26. God’s Name in Vain

6:4 A person should be careful not to recite a blessing in vain or even to recite one unnecessarily. If a person makes a mistake and does so – or, if he utters God’s Name in vain in another context – he should immediately say “Baruch sheim kavod malchuso l’olam vo’ed” – ”Blessed be the Name of He Whose glorious kingdom lasts forever.” If a person started to say a bracha and got as far as “Baruch atah Hashem” before realizing that the blessing was being recited in error, he should complete it “lamdeini chukecha,” “teach me Your statutes. ”This is a verse in Tehillim (Psalms 119:12) and reciting it keeps the Name of God from having been uttered in vain. If the person started to say “Elokeinu” and got as far as “Elokei,” he should complete by saying “Yisroel avinu mei’olam v’ad olam,” “(of) our father Israel, forever and ever.” This is a quote from Divrei HaYamim (I Chronicles 29:10). In any event, a person should follow with “Baruch sheim kavod…”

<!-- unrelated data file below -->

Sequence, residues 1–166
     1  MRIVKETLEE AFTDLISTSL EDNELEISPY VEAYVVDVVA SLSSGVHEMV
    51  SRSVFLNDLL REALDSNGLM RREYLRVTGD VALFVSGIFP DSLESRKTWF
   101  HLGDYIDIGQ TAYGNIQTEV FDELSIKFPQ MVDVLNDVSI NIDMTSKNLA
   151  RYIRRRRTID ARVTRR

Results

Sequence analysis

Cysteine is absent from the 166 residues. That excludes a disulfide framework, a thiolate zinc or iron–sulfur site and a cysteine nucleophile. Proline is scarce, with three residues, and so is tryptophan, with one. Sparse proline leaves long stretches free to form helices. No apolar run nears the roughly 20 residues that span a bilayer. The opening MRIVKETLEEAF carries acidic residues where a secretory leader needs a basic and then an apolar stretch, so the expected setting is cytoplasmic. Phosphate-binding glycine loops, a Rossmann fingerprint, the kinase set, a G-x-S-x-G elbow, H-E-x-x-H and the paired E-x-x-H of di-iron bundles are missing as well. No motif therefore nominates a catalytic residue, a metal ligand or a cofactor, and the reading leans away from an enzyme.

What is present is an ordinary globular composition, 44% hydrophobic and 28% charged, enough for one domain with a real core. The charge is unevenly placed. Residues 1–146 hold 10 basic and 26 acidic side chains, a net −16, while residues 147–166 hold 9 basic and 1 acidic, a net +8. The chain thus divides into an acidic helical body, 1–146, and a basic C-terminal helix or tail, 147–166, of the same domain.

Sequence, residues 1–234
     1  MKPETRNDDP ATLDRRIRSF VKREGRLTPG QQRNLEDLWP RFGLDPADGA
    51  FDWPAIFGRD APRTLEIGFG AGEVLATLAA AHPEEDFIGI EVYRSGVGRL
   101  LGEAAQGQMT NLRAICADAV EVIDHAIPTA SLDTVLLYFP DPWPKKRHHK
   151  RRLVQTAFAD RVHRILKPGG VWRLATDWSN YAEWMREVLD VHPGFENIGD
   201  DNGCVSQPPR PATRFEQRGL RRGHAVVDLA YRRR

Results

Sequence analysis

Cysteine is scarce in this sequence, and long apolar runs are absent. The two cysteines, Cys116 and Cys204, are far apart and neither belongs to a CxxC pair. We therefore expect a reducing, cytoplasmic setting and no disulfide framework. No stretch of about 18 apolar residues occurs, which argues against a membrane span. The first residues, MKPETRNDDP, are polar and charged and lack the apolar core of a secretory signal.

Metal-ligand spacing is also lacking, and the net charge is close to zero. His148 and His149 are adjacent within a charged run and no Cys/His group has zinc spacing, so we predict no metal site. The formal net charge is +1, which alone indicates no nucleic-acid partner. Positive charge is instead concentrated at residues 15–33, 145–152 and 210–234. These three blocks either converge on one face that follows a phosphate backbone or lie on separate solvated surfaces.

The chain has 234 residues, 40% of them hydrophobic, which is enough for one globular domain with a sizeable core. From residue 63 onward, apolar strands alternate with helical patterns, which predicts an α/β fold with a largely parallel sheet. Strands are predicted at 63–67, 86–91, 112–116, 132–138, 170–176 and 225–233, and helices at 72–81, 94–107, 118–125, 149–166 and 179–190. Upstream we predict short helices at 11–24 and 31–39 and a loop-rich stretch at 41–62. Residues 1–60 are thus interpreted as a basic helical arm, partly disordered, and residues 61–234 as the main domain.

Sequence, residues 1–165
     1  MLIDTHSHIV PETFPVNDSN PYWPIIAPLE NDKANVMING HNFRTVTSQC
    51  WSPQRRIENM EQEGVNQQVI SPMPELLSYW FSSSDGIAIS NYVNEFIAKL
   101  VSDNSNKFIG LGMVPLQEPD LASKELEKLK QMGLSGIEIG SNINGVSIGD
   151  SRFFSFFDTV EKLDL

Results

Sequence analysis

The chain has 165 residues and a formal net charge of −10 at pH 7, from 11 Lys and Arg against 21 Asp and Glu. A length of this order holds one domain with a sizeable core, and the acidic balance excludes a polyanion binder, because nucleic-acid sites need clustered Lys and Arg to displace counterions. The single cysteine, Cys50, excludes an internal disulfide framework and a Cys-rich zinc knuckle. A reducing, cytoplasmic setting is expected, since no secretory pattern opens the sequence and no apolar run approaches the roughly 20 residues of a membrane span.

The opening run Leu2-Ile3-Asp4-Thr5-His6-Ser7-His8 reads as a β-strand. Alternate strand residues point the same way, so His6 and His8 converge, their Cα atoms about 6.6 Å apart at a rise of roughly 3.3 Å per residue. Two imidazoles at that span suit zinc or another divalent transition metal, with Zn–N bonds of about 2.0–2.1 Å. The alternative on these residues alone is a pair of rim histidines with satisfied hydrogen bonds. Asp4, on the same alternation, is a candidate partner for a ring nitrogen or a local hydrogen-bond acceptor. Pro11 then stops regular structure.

6:5 Previously, people had local communal sources of water, such as wells. Upon hearing that a neighbor had died, people would spill out the water they had already drawn, just in case there was something wrong with it. If a person had said the blessing for the water but heard a neighbor had died before he could drink, the halacha was that he should take a sip before spilling it out. This keeps the blessing from having been in vain and the person is protected in merit of the bracha he recited as per Koheles (Ecclesiastes) 8:5, “The one who observes a commandment will know no evil.” (This is similar to the concept of giving travelers “shaliach mitzvah” money to deliver – see Talmud Pesachim 8a.)